I am annoyed at a failure of my education that I only last week came across another famous-in-his-day GP who paid attention. Will Pickles was a doctor in Aysgarth from 1912 to 1965. Where? Aysgarth! An obviously Norse name, [meaning any of: the garden of the gods, water of rocks or the enclosure of oaks] it is a village about midway up the valley of Wensleydale in Yorkshire. The mappe with antient fonts delimits the extent of Dr Pickles' practice:
source]. Even with his capacious memory this was only really possible because, with the help of his diligent wife, he captured the names, dates and locations of everyone who fell sick.
dysentry, however, appears to have started at Askrigg and then moved East to Aysgarth. If you pay attention you can calculated the incubation period for each disease. The spikes of new cases of measles in West Witton occur every 10 days while the blips of influenza in West Burton are separated by about 2 days. With similar data analysis, Pickles was able to reveal the incubation period for catarrhal jaundice [aka infectious hepatitis] was 25-35 days; nobody knew that before.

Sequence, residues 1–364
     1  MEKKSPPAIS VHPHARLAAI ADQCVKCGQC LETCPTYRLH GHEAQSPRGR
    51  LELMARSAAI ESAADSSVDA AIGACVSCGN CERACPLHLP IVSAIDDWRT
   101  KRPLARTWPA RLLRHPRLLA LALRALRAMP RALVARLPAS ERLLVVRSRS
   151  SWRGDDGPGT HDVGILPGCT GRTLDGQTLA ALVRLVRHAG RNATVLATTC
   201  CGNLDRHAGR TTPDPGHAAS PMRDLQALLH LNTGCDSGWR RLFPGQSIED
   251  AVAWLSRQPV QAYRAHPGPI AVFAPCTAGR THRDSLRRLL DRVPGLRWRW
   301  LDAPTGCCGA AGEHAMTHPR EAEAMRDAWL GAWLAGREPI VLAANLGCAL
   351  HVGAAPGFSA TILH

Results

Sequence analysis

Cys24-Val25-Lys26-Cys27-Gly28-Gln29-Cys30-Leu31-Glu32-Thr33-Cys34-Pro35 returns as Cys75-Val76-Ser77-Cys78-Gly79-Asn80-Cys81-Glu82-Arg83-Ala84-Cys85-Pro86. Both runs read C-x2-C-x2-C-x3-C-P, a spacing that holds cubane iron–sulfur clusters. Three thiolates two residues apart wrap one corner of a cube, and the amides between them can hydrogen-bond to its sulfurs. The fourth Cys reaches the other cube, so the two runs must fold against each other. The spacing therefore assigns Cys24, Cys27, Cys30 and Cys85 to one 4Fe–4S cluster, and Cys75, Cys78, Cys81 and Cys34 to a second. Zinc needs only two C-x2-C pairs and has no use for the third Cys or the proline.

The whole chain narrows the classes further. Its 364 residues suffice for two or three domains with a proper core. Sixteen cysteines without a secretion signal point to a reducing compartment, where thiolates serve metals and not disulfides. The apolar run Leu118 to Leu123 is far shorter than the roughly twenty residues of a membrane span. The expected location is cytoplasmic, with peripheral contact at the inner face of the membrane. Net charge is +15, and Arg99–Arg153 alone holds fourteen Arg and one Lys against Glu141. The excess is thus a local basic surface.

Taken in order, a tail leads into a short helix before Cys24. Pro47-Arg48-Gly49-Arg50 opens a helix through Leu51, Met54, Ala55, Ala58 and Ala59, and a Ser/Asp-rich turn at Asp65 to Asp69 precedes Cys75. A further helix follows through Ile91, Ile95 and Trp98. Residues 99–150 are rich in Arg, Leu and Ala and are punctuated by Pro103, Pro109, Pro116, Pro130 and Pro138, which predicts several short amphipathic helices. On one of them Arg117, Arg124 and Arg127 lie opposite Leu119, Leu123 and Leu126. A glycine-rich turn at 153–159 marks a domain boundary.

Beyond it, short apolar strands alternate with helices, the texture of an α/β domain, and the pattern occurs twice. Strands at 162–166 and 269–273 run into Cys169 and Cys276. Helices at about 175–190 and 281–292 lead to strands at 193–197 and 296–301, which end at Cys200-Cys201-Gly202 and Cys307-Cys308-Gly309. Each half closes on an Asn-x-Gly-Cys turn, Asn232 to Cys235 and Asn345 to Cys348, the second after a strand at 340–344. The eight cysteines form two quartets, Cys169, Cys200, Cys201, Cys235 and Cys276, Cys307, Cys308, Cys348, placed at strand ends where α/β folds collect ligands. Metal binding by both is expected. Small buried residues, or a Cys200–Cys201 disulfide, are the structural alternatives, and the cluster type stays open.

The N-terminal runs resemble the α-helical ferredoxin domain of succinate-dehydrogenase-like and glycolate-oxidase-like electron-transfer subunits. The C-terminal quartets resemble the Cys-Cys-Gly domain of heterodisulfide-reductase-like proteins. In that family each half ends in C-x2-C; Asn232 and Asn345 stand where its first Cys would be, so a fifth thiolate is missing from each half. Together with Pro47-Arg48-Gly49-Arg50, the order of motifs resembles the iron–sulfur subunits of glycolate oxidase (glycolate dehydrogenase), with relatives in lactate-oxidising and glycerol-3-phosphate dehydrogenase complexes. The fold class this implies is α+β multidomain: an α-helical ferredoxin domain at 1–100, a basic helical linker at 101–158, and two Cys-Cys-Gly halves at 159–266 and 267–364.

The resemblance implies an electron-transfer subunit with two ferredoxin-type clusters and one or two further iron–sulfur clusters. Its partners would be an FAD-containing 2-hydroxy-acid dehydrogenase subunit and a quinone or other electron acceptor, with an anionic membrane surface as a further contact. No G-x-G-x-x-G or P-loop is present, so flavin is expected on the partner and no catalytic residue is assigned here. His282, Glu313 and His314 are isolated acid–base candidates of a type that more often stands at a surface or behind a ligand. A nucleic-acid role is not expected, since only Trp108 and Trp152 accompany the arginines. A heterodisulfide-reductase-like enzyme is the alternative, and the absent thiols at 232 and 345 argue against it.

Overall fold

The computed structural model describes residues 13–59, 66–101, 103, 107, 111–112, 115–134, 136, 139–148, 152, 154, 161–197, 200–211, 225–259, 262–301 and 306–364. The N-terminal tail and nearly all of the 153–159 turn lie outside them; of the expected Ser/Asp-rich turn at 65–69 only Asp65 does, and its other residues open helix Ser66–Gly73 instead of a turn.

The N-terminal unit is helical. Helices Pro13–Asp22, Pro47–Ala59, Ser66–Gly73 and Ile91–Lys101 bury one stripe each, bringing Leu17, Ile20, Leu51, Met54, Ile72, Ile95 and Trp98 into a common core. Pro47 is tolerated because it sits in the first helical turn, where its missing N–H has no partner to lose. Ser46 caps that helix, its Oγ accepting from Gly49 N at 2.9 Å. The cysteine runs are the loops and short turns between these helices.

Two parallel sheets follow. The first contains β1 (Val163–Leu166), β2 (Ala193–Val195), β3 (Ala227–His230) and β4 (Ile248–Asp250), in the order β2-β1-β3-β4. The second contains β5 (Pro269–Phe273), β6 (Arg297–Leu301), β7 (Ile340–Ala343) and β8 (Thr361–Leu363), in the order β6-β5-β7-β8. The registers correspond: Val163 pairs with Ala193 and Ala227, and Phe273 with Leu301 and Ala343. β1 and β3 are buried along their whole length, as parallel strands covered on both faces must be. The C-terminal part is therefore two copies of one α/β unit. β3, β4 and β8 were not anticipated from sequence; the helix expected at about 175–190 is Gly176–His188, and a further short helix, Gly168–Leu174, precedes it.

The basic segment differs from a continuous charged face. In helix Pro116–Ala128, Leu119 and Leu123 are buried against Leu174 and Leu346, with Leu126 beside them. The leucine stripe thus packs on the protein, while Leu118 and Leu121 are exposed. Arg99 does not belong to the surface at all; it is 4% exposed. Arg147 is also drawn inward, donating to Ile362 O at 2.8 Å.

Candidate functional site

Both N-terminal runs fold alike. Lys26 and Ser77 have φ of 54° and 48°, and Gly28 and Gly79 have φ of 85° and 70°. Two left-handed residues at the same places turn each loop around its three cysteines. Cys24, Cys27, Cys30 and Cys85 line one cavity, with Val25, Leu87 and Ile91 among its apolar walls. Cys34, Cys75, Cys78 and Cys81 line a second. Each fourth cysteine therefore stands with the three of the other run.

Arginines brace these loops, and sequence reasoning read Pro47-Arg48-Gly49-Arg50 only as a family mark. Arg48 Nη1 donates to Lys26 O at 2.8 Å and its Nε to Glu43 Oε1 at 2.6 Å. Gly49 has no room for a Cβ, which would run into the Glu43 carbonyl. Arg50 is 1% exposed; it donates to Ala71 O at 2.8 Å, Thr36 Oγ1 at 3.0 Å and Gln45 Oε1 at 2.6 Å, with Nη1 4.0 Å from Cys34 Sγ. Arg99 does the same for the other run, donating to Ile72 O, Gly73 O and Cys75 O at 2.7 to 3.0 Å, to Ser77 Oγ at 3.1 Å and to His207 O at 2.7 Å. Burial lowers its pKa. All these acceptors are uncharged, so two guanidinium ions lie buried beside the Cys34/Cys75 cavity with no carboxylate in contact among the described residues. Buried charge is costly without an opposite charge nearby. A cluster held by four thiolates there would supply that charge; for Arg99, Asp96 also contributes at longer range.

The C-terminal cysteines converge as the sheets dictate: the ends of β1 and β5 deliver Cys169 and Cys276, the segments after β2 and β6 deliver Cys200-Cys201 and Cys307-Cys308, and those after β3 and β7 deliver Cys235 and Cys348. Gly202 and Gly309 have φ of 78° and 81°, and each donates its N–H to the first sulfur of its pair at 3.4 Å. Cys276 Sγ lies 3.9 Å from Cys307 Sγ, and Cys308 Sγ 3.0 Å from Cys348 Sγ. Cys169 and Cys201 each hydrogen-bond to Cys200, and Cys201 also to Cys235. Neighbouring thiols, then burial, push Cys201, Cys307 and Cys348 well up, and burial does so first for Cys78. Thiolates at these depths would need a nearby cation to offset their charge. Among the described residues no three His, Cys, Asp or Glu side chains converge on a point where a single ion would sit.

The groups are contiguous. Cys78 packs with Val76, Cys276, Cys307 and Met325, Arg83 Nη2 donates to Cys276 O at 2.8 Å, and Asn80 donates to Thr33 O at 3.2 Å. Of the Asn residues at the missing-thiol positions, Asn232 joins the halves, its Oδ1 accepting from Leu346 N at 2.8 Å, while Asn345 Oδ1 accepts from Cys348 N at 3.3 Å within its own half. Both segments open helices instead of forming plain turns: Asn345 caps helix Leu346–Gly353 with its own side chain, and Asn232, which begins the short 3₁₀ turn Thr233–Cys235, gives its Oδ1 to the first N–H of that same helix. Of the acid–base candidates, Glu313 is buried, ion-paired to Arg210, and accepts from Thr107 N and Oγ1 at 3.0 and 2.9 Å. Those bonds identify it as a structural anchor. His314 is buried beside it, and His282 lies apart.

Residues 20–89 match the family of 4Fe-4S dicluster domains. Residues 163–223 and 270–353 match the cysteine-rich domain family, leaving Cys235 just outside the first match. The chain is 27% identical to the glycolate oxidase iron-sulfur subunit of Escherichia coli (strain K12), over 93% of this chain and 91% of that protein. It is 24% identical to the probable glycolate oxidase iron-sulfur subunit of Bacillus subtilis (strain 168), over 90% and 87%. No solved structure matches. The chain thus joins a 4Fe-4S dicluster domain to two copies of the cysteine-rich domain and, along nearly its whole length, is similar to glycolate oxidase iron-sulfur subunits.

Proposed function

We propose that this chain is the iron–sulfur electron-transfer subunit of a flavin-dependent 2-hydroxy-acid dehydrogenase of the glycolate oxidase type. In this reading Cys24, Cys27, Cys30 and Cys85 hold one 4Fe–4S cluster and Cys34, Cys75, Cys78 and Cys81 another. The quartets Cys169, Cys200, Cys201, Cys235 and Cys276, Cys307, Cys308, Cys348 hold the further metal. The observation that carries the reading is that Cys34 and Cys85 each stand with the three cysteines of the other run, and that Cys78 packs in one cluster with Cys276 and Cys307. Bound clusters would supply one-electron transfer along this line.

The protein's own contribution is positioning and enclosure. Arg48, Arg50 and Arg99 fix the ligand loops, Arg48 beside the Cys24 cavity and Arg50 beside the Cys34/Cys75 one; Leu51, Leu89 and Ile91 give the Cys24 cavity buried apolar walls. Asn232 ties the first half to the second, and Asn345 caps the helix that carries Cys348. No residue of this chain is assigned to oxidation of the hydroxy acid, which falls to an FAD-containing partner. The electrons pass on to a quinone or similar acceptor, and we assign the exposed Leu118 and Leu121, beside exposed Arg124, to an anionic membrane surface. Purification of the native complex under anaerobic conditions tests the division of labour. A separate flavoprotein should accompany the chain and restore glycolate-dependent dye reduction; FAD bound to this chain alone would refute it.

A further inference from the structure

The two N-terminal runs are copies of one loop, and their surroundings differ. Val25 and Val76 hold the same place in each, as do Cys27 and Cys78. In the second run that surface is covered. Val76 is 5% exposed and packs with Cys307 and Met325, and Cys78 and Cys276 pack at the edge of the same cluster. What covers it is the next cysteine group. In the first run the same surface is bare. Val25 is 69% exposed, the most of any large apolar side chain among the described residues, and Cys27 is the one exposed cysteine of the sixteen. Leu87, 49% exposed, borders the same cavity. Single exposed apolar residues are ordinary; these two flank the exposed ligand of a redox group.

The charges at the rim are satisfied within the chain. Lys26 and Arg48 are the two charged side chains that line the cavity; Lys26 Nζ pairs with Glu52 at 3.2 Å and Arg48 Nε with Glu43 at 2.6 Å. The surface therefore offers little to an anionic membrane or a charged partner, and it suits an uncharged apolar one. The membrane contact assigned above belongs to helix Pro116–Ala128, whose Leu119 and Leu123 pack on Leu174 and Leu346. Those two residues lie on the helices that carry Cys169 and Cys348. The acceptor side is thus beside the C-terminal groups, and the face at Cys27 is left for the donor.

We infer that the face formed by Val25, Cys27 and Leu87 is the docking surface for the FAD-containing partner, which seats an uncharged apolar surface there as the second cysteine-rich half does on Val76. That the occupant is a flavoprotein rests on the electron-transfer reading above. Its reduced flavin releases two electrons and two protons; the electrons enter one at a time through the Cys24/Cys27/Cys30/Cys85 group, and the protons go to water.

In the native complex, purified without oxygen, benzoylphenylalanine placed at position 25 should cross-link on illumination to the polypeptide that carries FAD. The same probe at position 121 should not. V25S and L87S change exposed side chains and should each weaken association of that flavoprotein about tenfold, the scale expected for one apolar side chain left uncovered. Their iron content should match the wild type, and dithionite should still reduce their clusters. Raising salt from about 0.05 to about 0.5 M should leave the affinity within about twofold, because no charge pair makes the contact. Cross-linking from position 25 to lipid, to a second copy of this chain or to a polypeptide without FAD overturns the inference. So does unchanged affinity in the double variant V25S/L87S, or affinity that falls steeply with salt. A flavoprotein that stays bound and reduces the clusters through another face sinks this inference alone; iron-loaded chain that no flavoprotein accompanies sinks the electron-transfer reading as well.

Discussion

The data from measles in W.Witton is particularly instructive w.r.t. herd immunity. You get one case at the beginning of January 1932; 6 more cases 10 days later; 14 cases 10 days after that; and 7 cases 10 days afterwards. At that point everyone in the village who is infectable has been infected and the measles virus has no place to hide / reproduce. End of measles epidemic. With vaccination, you'd drastically reduce the number of susceptible people and the epidemic would peter out earlier . . . before Betsy Snitterthwaite comes visiting from Carperby and carries the virus to fresh fields up the valley.